A post about autism awareness #Rett Syndrome #love #family #community

It’s a Saturday morning, I wake up, open the hotel blinds and a gorgeous sea view welcomes us in Viareggio, a beautiful seaside city in Tuscany. Slowly and still drowsy my wife and I take a shower and get ready for breakfast. It is June but the mornings are still chill. A warm cornetto, a slice of crostata, a hot cappuccino and we are ready to go. Viareggio’s seafront is simply too inviting to stay in the hotel. I arrange with the hotel for my shirt to be ironed and off we go. Following the walking path, we reached Lido di Camaiore where we had spent a beautiful holiday a few years before and where – not too far from that beach – I had proposed to my beautiful wife, Joanna. Lots of tender memories washed over my mind and the place suddenly became familiar. That morning we must have walked at least 10km by the seafront promenade that literally stretches for hundreds of kilometres along the Tuscany coastline. While I was wholeheartedly enjoying my walk, I was trying not to get too tired. I had a meeting to attend and a talk to give in the afternoon. With that on mind, we stopped for a delicious lunch by the sea and got back to the hotel to get ready.

The sun is so strong that it hurts your eyes. I make sure my sunglasses are in my bag. At 2pm a car is coming to pick me up, destination Fondazione T.i.A.m.o. (I love you in English), a non-profit NGO taking care of kids affected by rare diseases such as Rett and CDKL5 syndromes, two rare genetic diseases. The foundation is in the country-side. Two old farmhouses have been refurbished and now look fantastic and very welcoming. Giorgio Fazzini, the president of the organization comes to welcome me. His eyes are blue. Light blue, like Viareggio’s sea. In seconds a big smile is on his face. He is a sunny person. He tells me more about the foundation, all the projects that they are currently running and the future projects. They are now launching garden activities and pet-therapy projects for affected children, with dogs and even donkeys! I immediately thought that this was a great idea and also suggested raising some money for building a pool. Giorgio told me that kids already do hydro-therapy in private structures, but they were also thinking to build their own pool at the Fondazione.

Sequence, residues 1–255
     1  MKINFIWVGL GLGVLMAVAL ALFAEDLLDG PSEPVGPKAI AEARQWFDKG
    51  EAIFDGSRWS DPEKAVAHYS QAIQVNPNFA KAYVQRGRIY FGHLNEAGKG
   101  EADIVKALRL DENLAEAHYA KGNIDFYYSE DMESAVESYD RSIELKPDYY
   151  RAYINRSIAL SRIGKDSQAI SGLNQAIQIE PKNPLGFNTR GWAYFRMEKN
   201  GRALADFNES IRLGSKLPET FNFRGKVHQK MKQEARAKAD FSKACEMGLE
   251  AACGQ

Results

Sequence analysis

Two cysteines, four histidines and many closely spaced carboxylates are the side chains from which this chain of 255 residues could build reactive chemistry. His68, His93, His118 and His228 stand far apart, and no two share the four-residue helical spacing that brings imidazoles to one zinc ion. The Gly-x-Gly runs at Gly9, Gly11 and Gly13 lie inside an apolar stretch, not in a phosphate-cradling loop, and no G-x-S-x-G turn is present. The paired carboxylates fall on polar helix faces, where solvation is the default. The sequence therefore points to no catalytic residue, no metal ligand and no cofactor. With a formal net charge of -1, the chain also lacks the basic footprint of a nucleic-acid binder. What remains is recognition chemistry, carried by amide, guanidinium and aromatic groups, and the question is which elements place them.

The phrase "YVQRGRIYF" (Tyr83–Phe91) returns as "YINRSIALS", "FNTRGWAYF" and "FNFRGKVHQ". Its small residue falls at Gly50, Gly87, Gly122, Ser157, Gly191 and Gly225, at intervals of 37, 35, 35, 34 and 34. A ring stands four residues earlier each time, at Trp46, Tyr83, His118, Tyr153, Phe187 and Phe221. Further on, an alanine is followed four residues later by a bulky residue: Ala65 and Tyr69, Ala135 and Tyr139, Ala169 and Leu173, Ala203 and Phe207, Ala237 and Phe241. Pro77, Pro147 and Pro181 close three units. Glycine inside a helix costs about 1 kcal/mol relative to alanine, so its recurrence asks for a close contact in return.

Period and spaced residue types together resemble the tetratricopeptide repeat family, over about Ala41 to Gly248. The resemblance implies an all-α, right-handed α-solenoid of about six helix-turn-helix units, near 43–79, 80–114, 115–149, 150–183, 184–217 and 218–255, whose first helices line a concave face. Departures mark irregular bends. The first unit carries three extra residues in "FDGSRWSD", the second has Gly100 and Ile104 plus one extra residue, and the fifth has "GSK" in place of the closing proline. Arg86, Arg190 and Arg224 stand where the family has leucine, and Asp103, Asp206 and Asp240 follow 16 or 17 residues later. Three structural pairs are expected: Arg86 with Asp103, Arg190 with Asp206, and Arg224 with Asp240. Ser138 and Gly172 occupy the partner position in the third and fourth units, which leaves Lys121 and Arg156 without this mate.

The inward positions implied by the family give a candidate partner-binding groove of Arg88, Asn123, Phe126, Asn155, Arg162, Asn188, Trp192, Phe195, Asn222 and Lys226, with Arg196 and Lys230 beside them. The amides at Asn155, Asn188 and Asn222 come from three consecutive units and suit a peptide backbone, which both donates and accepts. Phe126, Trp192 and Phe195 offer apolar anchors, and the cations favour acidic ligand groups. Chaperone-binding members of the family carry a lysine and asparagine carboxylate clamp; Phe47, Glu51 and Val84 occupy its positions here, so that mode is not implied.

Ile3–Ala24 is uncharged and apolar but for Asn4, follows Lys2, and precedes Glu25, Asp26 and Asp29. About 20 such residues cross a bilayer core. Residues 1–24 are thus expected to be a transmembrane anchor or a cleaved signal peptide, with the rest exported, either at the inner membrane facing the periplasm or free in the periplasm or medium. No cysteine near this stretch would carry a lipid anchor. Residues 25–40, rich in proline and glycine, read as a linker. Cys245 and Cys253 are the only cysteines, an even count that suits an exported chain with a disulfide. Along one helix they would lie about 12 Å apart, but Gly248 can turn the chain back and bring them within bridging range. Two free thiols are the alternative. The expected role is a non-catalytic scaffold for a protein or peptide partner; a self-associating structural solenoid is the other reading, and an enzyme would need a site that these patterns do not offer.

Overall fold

Giorgio then introduces me to Dr. Pini, another hero of the Fondazione. Dr. Pini is a neuropsychiatrist that takes care of the affected kids at the foundation absolutely free of charge and with immense passion. He has his office and practice there.

The meeting is very good. We have several speakers, including parents and associations representing Rett syndrome in Italy.

We also have a presentation by Monica Coenraads, the director of the Rett Syndrome Research Trust (RSRT), who tells us about what her trust is doing with a particular focus on gene-therapy. In brief, the gene-therapy consortium is investigating an approach to replace the “broken” gene with a healthy one using a modified virus to deliver the healthy gene to the brain.